September 30, 2012

Owens attacks Doheny in television advertisement

Congressional incumbentquestions challenger's past


---- —  PLATTSBURGH — The North Country congressional race heated up as incumbent Bill Owens launched an aggressive advertisement questioning his challenger’s career.

The challenger, Watertown Republican Matt Doheny, says Owens is lying.

Owens (D-Plattsburgh) unveiled a television advertisement — his fifth of the campaign — that addressed Doheny’s record when he worked on Wall Street.


y worked for Deutsche Bank on Wall Street for most of the 2000s. He reached the position of manager of distressed assets and worked to restructure troubled companies.

“Matt Doheny’s Wall Street background says a lot about what he would do in Congress,” Owens’s campaign manager James Hannaway said in talking about the advertisement.

“His record speaks for itself. He would put Wall Street over Main Street every time.”


The ad, entitled, “Four Islands,” claims that Doheny took over vulnerable companies, fired workers and cut benefits to maximize his profits.

“Next, he worked for a company that used the Cayman Islands to avoid paying taxes,” Owens says in the the script.

The Owens ad was referring to Doheny’s time as portfolio manager for Fintech Advisory, a firm that partly operated offshore through corporate

tax-exempt subsidies.

“Then Matt Doheny bought his own two islands and moved here to run for Congress. Matt Doheny gets his islands. American loses jobs.”

Doheny, who is originally from Alexandria Bay, owns two islands in the St. Lawrence River in the region known as the Thousand Islands.


Hannaway said the ad is not criticizing Doheny for making millions on Wall Street, but what he did to make those millions and his lack of focus on middle-class needs.

“He laid off workers while giving CEOs bonuses. He worked for companies that sheltered money in the Caymans,” Hannaway said.

“You put the pieces together, and it’s pretty clear: Matt Doheny’s Wall Street values are not North Country Main Street values.”


Doheny’s camp reacted angrily to the Owens ad, firing off a news release that called Owens’s claims “the divisive seeds of class envy ... riddled with unsubstantiated claims that distort Matt Doheny’s record as a protector of jobs.”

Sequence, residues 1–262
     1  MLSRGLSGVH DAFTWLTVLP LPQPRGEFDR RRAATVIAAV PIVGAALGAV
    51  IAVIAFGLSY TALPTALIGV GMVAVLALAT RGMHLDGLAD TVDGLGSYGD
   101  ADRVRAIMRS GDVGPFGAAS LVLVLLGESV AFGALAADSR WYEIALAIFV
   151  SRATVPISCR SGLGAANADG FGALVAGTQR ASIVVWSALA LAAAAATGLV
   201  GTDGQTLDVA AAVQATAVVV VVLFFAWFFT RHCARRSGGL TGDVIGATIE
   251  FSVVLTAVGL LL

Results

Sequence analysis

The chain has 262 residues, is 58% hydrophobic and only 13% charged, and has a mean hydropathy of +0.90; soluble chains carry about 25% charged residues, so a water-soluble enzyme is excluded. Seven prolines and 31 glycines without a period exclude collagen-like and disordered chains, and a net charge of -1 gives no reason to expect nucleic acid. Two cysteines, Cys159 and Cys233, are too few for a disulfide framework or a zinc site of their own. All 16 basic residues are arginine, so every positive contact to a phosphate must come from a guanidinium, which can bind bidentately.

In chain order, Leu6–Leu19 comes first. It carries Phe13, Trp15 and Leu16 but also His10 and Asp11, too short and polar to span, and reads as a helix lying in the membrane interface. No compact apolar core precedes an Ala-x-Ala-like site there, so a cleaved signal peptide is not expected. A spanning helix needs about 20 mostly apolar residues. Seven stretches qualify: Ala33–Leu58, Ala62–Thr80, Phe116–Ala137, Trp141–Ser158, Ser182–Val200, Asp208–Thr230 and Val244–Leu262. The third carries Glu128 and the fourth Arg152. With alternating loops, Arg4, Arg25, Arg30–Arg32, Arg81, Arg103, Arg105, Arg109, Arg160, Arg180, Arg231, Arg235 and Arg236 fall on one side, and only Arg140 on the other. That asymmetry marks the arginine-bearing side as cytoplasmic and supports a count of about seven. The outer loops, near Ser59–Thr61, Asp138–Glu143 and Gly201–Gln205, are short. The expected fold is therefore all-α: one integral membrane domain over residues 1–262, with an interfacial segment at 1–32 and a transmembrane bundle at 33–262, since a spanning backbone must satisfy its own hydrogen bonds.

Doheny said he worked in the private sector to turn troubled companies around and protected and created “tens of thousands” of jobs.

“I left college with $150,000 in outstanding loans. But through hard work and determination, I’ve achieved the American dream,” Doheny said.

“Now I want to provide that same opportunity for people in the North Country, Adirondacks and Capital Region.”


Doheny said that when he worked for Deutsche Bank, he oversaw 130 employees and helped in restructuring several troubled companies, including Adelphia in 2004.

He said that after working with Adelphia, it was purchased by Time Warner Cable and Comcast, and about 13,000 of Adelphia’s former employees started working for the those companies.

Doheny said he had no direct role in any Adelphia decision to fire workers or cut benefits.


Doheny also said that he has paid at or near the 35-percent percent maximum tax rate on his federal income taxes over the past five years and that he had no ownership in Fintech and had no input in the decision on where to incorporate the company.

He said he purchased the two island properties in the St. Lawrence River long before he decided to run for Congress.

“My opponent has been peddling these lies for two years,” said Doheny, who lost to Owens in the 2010 election.

“Independent fact-checkers have called his claims misleading or outright wrong, but he continues to repeat them to distract voters from his terrible record of standing up for upstate jobs as congressman.”


Owens worked as an attorney in Plattsburgh for about 30 years before he ran for Congress in 2009. He reported his earnings to be $750,000 per year when he left the law firm of Stafford, Owens, Piller, Murnane and Trombley PLLC.

“I’d never fault Bill Owens for being worth more than a million dollars,” Doheny said.

“His law firm was willing to pay him that money. That’s America. My opponent, however, vilifies success. He wants to pit people against each other and breed contempt for people like me who worked hard to make it on their own.”


Owens was leading Doheny by 13 points in a poll put out by Siena College earlier this month on the 21st District race.

The two engaged in a debate in Glens Falls last week along with Green Party candidate Donald Hassig, but no knockout punches were thrown.

The next debate is scheduled for Tuesday, Oct. 16, at Valcour Conference Center in Plattsburgh.

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